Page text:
Yesterday was one of those wonderful music-inflected days that I never seem to have unless I'm in major procrastination mode. We started the day by seeing the Boston premiere of a film newly-restored by the National Center for Jewish Film at Brandeis, Bar Mitzvah
. The film, itself, is not a masterpiece. It is very much a menu film--string together the usual popular vaudeville song and dance with the audience's favorite themes (in this case, mom and Jewish identity), throw in a vaguely plausible plot and have fun!
We did have fun. Set somewhere in eastern Europe, the film revolves around the impending Bar Mitzvah of the youngest son of Boris Thomashefsky's character. (Did I mention that this is the only known surviving film of Thomashefsky? Have I talked yet about what an amazing film presence he has? You would have to see this film just to enjoy, and finally start to understand, the phenomenon of Thomashefsky, grandfather of San Francisco's symphony conductor Michael Tilson Thomas.)
So, the son wishes his mother, who perished on a trip to visit her mother in America ten years ago, were present at his Bar Mitzvah. Dad, in the meantime (Thomashefsky) has married a young blonde bombshell (clearly up to no good) in Warsaw. Sis is wooed, and then becomes engaged to a tap-dancing American suitor (as Hankus Netsky put it in the Q&A after the film, "this is a vaudeville piece—of course Americans know how to tap dance, and do!"). Looming over everything is the mother's portrait in the living room.
Needless to say, mayhem ensues, many songs are sung, the importance of mom and the importance of never forgetting that one is a Jew are emphasized frequently. This is, as I said, not a masterpiece of filmmaking, nor a masterpiece of filmmaking craft. It is an amazing snapshot of American perceptions of life in Europe in 1935, and a wonderful chance to see Thomashefsky and others—but especially, notably the only surviving chance to see Thomashefsky, strut their stuff.
Yiddish Dance in Arlington
Following the film, several of us dodged through streets closed off for a parade in Arlington to attend a dance at the Arlington Senior Center. The usual suspects: Dena Ressler (who arranged the gig), Dr. Netsky, and former KCB vocalist/excellent dance instructor Judy Bresler led about 50 of us through some basics of Yiddish dancing. Many of us usual suspects showed up—refugees from MIT's International Folk Dance crowd, professionals like storyteller/dance instructor Jacob Bloom, friends from Workmen's Circle, and others. A good time was had by all, although it is slowly sinking in that even I am getting some basic steps down now and am ready to experience, say, an "Intermediate" class. What the young folks from MIT feel ("advanced"?) I cannot say. More important is "where will a class be held next?" It has to be accessible via public transportation and has to accomodate 50 people or so. Time to get some grants, talk with local venues, and conspire.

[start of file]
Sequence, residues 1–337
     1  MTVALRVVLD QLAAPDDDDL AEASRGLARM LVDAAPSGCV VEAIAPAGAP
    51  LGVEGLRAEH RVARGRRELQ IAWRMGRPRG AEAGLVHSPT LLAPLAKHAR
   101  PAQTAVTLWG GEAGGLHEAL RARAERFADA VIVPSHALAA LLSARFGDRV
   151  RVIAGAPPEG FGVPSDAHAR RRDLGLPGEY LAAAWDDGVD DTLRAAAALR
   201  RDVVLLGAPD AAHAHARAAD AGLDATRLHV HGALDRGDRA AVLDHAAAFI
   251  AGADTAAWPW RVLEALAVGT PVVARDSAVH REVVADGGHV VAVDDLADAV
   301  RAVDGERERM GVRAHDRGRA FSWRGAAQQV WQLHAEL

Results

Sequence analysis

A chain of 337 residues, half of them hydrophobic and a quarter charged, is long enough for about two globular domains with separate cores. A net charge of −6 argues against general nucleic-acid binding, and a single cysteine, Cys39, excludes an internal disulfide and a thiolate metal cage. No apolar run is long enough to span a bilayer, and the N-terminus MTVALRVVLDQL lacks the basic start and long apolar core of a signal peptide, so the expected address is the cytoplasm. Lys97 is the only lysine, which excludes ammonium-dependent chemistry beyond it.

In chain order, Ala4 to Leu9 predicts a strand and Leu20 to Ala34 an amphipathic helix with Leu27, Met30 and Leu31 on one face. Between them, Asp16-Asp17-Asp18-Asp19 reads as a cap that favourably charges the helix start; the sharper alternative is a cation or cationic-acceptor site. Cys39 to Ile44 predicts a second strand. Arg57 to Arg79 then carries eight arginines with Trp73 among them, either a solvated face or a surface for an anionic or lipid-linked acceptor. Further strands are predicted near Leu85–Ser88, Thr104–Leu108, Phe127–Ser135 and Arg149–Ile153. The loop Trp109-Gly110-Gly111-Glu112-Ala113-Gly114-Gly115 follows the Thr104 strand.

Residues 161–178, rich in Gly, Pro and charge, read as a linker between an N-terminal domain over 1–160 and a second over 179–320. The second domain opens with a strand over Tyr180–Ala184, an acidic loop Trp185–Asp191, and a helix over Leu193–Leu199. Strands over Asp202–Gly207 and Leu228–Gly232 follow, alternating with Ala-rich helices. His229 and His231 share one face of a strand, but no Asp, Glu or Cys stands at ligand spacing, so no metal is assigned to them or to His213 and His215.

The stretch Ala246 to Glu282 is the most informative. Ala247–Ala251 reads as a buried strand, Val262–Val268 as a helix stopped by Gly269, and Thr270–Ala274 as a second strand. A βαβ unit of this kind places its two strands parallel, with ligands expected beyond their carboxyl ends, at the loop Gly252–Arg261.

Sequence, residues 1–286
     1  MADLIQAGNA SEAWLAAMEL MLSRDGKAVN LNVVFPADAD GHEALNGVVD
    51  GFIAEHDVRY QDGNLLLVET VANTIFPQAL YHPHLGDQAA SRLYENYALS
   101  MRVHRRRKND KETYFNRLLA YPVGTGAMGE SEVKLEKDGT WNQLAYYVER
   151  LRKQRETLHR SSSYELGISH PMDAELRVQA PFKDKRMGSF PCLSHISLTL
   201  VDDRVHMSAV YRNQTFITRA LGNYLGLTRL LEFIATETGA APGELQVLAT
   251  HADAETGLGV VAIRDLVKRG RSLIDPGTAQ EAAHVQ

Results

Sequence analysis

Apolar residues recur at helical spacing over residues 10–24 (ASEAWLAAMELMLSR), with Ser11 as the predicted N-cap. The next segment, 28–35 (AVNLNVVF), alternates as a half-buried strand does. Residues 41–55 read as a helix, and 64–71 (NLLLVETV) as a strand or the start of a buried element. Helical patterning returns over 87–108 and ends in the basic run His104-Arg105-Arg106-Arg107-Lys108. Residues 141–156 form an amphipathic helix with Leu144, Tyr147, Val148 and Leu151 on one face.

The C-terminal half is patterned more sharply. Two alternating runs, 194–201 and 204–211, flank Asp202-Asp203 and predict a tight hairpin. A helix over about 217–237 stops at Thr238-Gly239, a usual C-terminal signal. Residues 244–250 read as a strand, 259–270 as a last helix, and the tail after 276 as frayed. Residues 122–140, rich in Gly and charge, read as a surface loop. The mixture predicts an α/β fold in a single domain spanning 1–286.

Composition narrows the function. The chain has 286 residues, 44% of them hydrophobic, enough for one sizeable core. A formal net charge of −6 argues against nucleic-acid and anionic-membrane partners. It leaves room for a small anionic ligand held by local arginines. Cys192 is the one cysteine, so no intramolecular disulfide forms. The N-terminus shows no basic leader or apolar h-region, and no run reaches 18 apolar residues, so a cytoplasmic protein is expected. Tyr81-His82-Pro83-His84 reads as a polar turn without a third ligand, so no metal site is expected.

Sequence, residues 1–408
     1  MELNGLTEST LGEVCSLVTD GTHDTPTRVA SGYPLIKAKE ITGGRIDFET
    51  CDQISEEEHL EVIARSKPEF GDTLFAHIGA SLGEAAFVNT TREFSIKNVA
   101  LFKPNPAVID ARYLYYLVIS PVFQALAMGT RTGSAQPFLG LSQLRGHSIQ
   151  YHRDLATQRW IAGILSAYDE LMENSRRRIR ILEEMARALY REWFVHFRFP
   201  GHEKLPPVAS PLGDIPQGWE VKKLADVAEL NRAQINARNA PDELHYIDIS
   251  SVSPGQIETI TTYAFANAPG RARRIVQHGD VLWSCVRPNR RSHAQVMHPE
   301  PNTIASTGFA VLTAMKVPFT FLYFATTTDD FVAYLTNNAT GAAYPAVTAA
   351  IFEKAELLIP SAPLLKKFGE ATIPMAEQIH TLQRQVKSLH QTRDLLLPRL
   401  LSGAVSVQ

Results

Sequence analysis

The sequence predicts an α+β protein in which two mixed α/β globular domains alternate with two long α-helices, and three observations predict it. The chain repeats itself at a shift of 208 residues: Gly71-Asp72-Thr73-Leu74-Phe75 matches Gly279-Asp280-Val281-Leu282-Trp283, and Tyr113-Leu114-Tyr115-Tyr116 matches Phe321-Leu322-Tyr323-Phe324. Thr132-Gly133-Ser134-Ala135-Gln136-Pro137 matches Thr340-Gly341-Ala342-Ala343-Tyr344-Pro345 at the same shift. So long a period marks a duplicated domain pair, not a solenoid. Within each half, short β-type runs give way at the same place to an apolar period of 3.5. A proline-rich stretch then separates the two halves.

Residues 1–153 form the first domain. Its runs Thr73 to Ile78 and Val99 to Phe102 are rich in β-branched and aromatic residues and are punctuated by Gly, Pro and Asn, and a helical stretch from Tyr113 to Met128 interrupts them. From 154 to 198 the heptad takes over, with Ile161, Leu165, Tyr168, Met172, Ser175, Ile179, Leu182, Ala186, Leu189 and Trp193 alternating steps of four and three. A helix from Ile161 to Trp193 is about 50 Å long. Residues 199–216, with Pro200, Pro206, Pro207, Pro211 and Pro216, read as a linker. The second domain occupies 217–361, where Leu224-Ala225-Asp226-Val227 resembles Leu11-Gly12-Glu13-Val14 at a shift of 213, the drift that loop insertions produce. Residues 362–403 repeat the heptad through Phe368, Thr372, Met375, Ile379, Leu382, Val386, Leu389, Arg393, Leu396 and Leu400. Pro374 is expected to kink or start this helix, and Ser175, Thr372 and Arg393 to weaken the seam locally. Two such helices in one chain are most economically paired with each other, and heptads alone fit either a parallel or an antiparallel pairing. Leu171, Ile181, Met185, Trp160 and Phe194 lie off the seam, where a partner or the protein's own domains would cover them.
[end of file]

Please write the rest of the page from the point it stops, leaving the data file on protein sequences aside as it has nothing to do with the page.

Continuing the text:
Klezwoods at Atwoods
Finally, after pretending to grade papers all afternoon, I ran out to Atwoods Tavern, a Somerville establishment midway between Inman Square and Kendall Square, home to excellent local beer and some decent food, to catch the elusive "Klezwoods." I was lured by the claim on the tavern's website that the gig would begin at 8pm. Alas, it began at 9, a bit too close to my bedtime. But the time preceding was pleasantly filled by shmoozing with band-member Dr. Michael McLaughlin (also of Shirim, Naftule's Dream, and the Tufts professor in charge of that school's klezmer band).
Klezwoods was put together by Joe Kessler and McLaughlin a couple of years ago when the tavern decided that it would be kind of cool to have a "Klezmer Christmas" concert. The result fuses some of my favorite musicians from the local klezmer, balkan, and other music scenes, anchored by KCB drummer Grant Smith and including Shirim's Jim Gray, Hebrew College cantorial student Becky Wexler on clarinet, and several people I have not yet gotten to know. The result is that rare perfection, "bar klezmer," or perhaps more accurately, "bar music from the former Ottoman empire" because riffs ranged from Greek and Balkan melodies to Israeli music and klezmer, all interspersed with excellent soloes.
Knowing that I still have papers to grade, I rushed home after the first set. But this will pass. I am very excited about seeing the band again. This was my idea of an excellent evening, full of good music, unexpected connections, and great beer in a congenial pub. This is a regular gig for them, so keep an eye on the calendar, or on the "Boston Jewish Music Group" on Facebook, and let's crowd the pub up further next time.